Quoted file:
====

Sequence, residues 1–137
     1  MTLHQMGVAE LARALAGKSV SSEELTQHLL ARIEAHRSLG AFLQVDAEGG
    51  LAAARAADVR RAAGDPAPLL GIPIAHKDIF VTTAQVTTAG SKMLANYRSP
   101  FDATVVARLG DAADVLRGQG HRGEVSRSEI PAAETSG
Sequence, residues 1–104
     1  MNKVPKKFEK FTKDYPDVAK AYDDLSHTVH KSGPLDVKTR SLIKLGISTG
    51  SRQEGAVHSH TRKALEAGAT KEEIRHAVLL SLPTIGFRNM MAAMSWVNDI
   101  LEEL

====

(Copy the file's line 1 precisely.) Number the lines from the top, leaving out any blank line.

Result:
Sequence, residues 1–137